• The capacity to endure abrasive fluids, elevated temperatures, saltwater, and high pressure

    • Dependable sealing

    • The ability to withstand aggressive media

These advantages are crucial for the resilience and longevity of these components in a demanding sector.

Handling and Storage of Cryogenic Liquids

Additionally, cryogenic plastics play a vital role in managing and storing cryogenic liquids. They possess specific characteristics, including low thermal conductivity, electrical insulating properties, and sealing performance, making them suitable for handling and storage of cryogenic liquids.

Cryogenic plastics are able to withstand extreme temperatures of cryogenic liquids thanks to their distinctive blend of:

    • Physical and mechanical properties

    • Nonflammability

    • Chemical resistance

    • Low outgassing

    • Nearly zero moisture absorption

The plastics commonly employed in the storage and handling of cryogenic liquids include:

    • those utilized in liquid hydrogen storage and processing equipment

    • spacecraft hardware

    • particle accelerators

    • cryogenically cooled supercomputers

    • freezers

Established industry standards for plastics utilized in the storage and handling of cryogenic liquids encompass several key practices. These include:

    • refraining from placing cryogenic liquids in sealed, non-vented containers

    • adhering to local requirements for ventilation and monitoring

    • following general cryogenic standards for safe design and operation of cryogenic enclosures, air quality, and insulation

    • preventing contact between unprotected body parts and non-insulated pipes or vessels containing cryogenic fluids

    • utilizing plastics as seals, structural components, and bearing and wear components in cryogenic applications

    • employing impact-resistant containers capable of withstanding low temperatures.

Comparing Cryogenic Plastics to Other Materials

5-axis CNC machining of nylon part

Compared to other materials like metals and ceramics, cryogenic plastics offer distinct advantages. For instance, cryogenic plastics typically exhibit increased strength, stiffness, hardness, and brittleness in cold temperatures, whereas only a limited number of metals are suitable for use under these conditions. The thermal properties of metals and ceramics at cryogenic temperatures have been extensively documented, encompassing characteristics such as thermal conductivity, specific heat, and thermal expansion.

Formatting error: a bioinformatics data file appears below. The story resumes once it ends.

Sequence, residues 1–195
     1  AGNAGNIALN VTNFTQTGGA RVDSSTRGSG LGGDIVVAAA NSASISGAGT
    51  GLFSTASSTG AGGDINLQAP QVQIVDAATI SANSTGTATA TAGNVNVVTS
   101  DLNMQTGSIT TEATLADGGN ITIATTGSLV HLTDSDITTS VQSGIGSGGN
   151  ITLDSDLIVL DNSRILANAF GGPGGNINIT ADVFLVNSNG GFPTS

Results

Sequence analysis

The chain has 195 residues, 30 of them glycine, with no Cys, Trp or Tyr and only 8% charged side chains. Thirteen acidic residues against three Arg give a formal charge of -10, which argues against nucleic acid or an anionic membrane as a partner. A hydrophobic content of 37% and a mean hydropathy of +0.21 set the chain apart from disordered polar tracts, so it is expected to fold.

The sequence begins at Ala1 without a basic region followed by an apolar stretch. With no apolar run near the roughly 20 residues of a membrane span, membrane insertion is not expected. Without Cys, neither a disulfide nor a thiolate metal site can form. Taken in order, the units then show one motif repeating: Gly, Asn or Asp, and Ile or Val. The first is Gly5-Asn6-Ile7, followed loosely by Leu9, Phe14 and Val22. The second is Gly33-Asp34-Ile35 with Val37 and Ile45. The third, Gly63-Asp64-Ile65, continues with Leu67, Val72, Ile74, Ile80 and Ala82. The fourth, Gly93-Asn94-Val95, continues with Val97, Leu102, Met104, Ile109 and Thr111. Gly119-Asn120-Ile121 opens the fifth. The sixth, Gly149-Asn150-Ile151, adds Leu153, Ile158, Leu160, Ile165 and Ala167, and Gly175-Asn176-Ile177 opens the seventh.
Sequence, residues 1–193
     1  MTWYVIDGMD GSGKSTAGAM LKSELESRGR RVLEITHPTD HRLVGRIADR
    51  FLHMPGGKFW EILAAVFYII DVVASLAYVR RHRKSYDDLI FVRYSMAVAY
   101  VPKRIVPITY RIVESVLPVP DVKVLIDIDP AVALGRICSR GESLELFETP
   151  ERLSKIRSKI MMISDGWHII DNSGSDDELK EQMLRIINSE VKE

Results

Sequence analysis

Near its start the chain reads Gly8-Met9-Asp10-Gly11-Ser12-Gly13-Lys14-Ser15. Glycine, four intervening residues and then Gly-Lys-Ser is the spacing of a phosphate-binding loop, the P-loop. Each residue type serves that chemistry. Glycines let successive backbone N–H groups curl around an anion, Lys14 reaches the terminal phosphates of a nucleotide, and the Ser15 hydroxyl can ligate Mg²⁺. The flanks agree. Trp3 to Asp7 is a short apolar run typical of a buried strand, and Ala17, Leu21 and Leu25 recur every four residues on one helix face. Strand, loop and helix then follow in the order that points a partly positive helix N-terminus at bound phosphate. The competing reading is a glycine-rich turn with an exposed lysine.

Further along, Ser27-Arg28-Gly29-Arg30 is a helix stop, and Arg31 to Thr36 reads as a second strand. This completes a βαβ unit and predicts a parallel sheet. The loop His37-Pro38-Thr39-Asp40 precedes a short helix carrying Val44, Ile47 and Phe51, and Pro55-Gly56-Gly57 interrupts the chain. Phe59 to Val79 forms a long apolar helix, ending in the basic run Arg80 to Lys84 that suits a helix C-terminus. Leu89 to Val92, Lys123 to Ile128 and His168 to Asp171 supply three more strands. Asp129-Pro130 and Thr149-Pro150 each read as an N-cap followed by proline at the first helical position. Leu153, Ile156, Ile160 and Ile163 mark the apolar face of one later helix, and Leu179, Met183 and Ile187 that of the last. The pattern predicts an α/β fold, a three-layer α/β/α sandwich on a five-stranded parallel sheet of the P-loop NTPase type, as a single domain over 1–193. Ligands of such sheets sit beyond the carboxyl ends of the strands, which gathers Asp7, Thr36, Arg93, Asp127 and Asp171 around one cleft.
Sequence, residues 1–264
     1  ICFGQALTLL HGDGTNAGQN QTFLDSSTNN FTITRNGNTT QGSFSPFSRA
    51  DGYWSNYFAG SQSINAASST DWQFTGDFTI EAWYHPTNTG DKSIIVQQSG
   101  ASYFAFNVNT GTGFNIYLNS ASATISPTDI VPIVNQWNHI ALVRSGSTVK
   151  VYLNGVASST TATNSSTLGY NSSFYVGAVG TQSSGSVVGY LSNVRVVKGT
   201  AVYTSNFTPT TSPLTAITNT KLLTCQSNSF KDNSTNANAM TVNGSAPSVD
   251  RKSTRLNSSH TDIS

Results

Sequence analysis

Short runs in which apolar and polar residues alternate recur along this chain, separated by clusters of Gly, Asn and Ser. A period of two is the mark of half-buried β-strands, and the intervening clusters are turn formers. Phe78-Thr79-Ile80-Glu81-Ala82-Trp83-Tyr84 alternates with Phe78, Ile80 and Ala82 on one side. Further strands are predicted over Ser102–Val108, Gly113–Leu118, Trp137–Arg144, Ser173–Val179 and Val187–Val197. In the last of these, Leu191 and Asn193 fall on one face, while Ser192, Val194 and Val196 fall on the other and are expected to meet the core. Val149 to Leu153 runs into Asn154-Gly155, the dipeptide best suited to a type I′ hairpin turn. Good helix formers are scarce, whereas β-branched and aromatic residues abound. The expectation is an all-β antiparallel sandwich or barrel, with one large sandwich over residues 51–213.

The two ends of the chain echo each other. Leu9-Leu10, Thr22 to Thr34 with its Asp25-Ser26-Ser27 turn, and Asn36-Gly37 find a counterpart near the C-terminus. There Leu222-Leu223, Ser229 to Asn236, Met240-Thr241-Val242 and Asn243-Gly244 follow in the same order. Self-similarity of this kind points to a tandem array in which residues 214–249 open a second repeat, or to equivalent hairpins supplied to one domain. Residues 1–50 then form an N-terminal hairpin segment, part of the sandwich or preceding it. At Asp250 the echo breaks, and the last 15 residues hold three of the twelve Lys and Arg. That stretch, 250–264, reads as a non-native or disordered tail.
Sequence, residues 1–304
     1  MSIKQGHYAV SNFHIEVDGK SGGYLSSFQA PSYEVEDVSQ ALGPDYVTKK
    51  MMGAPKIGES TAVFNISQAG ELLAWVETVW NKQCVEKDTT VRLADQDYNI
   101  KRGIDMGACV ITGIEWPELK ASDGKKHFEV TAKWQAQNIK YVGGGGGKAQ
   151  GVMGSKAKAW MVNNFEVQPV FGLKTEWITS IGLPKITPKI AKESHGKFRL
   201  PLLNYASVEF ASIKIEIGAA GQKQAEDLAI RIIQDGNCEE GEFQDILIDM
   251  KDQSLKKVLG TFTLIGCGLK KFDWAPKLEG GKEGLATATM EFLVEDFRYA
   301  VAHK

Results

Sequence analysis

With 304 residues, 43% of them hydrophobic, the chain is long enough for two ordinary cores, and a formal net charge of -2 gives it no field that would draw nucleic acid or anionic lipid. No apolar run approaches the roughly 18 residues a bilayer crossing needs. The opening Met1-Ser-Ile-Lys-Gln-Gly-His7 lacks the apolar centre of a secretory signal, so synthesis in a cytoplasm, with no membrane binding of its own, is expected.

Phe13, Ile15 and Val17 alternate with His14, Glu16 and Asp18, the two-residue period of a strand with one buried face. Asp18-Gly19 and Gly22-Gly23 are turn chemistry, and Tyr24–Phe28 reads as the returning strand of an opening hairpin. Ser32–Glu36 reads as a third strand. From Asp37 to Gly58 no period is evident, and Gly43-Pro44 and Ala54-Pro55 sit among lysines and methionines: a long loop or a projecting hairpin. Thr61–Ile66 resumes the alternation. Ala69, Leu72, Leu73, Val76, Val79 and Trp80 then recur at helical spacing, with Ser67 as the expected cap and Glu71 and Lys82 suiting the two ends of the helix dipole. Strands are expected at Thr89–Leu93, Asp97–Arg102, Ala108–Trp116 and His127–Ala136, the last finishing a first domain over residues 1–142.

Cryogenic plastics, within the realm of plastics, exhibit unique thermal behaviors that can offer advantages in specific applications. Some key advantages of cryogenic plastics include:

    • Toughening at cryogenic temperatures through the use of a reentrant strain-glass transition

    • Varying behavior based on their specific composition and structure

    • Lower manufacturing costs compared to metals and ceramics

These advantages make cryogenic plastics more appealing for a diverse array of applications.

Custom Solutions with Cryogenic Plastics

Custom solutions using cryogenic plastics

Industry-specific needs and requirements can be met through custom solutions using cryogenic plastics. The predominant methods and technologies utilized in the development of customized solutions with cryogenic plastics include rotational molding, injection molding, and 3D printing with ABS.

Tailoring cryogenic plastic properties for specific applications can be achieved by choosing high-performance thermoplastics that exhibit excellent performance in cryogenic temperatures. Plastics can serve as seals, structural components, and bearing and wear components in cryogenic applications.